Past Times

A New Yorker discovers Jugtown

Prohibition and mass production contributed to the decline of the pottery market. Jugtown helped redefine it as an art form.
Prohibition and mass production contributed to the decline of the pottery market. Jugtown helped redefine it as an art form. UNC Library at Chapel Hill, North Carolina Collection

In 1986, N&O readers looked back at the origins of “Jugtown,” near the Randolph/Moore County line.

Seagrove, about 40 miles south of Greensboro, has been a potter’s town for more than 200 years. Many of its first settlers were from the English potting region of Staffordshire, and the oldest Seagrove families – the Aumans, Teagues, Coles and Owens among them – have stamped their names on the bottoms of pots for generations.

Still, the legend did not begin until 1915, when a young Raleigh couple, Jacques and Juliana Busbee … fell in love with a bright orange pie plate.

Pottery was bad business by 1915. Prohibition (which began in North Carolina in 1909) had hurt the market for whiskey jugs, and factories were mass-producing pots and plates. But Jacques Busbee (who had changed his first name from plain James) and Juliana ... made it their mission to revive the dying craft.

Jacques opened Jugtown Pottery, where, he wrote, young men with Staffordshire pottery ancestry were put to work under art direction.”

Juliana stayed in New York, opened a Greenwich Village tearoom and sold all the Jugtown ware that Jacques could send north.…

If Busbee was the mastermind behind Jugtown, Ben Owen was its master potter. He was 18 when he joined, and he stayed on for 36 years before opening his own shop. The N&O Oct. 22, 1986

Not long after Jugtown started up, Betty Graham, a former writer for New York World, made her way to Seagrove to see for herself.

At the Village Store I learned that the Busbees were both in North Carolina, where the pottery is made. So, getting the address, I started on the long trip, keen and eager for such a new experience.

Alighting at Greensboro, I had some time to wait for the local train which would take me another lap on the journey. Walking up and down the Greensboro streets, I looked in vain for this Jugtown pottery – nowhere did it seem to be in evidence.

Finally, I arrived at my Eighteenth Century world by various jitneys – a most modern approach to the past. At a deserted place on the highway marked NC 74 I was ousted from the jitney and on the road. I pleaded with a man in overalls driving a Ford car to take me to Jugtown.…

About 12:30 we pulled up before a charming log cabin built on simple lines so like – and yet so utter unlike anything seen in the entire countryside. Floating through the intense summer heat were the strains of Chaliapin’s Volga Boat Song….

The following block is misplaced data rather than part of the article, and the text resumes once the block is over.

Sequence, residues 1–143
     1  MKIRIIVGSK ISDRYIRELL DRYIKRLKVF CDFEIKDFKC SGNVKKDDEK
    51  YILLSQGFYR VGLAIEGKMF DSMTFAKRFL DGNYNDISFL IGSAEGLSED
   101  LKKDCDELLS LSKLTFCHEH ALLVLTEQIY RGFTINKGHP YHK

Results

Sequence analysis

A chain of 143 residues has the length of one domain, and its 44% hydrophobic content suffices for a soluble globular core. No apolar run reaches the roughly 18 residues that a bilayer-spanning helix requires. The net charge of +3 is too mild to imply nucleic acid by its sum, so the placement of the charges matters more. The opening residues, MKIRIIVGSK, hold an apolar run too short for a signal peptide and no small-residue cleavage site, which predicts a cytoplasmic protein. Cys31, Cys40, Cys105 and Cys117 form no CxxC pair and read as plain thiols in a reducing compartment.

Through the screen door I was amazed to see four men in overalls – smoking – two sitting at a card table playing checkers – the portable Sonora pouring out the strains of the world’s greatest basso. One of the men was reading the New York Times – a baby in a large wicker hamper basket – the room beautiful in its fitness and use of native split-bottom chairs – orange factory check curtains – a big open fireplace filled with wild flowers, while on the long tavern table was a soft gray jar filled with a bunch of native salmon colored orchids of entrancing beauty, unrivalled by anything in a Fifth Avenue florist’s window – the room scattered with American and English magazines and papers.

Jacques Busbee – in overalls – came forward and met a hot, dirty, hungry traveller and I instantly recognized him as a man of the world. He introduced me to his wife, who was dressed in a pale yellow gingham which harmonized perfectly with the room – so perfectly that I knew the dress was no accident.

The Jugtown potters were each presented to me, and the head potter and his wife and baby, who live in the cabin with Jacques Busbee, were as cordial – as natural as people could be – and I – with mission unknown to them – was taken in as hospitably as though I was an invited and expected guest.

Upon my request for information about this pottery I was taken to the log shop – a little way beyond the cabin, where again I found my self in the past century – the log shop, the primitive clay mill run by mule power, the flue kiln, the old “kick” wheel, the racks for drying the ware….

Jacques Busbee has brought to the community a new sense of value for this fast vanishing craft and, after seven years of hard labor – of unflagging endeavor – of isolation from his twentieth century world, is beginning to see prosperity come to these people – to see his work recognized by nearly every museum in this country and abroad – to get the appreciation from connoisseurs and to be unable to supply the demand for this Jugtown pottery which is made under his direction by potters who are directly descended from the Staffordshire potters who settled in his State and have it in their blood to turn pottery. The N&O Aug. 31, 1924

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